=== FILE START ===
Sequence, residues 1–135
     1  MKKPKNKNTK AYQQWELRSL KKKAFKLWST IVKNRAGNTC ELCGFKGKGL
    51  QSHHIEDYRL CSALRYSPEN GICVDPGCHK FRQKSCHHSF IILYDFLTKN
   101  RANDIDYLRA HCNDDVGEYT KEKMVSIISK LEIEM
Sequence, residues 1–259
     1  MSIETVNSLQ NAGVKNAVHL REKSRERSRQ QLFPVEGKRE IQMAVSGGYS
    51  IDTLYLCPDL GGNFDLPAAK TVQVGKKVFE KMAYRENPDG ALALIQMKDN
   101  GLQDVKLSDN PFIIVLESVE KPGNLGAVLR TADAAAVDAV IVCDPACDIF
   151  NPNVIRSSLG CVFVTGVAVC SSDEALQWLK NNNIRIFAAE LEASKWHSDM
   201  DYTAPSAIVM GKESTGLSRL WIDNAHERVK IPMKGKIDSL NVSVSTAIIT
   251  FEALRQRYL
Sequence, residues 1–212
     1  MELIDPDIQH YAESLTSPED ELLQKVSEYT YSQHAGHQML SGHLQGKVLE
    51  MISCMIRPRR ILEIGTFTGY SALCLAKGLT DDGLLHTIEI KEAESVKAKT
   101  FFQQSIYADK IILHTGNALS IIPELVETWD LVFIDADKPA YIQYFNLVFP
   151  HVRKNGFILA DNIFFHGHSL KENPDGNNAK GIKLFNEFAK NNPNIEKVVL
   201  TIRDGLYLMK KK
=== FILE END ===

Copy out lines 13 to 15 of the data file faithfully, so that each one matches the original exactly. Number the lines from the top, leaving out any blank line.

     1  MELIDPDIQH YAESLTSPED ELLQKVSEYT YSQHAGHQML SGHLQGKVLE
    51  MISCMIRPRR ILEIGTFTGY SALCLAKGLT DDGLLHTIEI KEAESVKAKT
   101  FFQQSIYADK IILHTGNALS IIPELVETWD LVFIDADKPA YIQYFNLVFP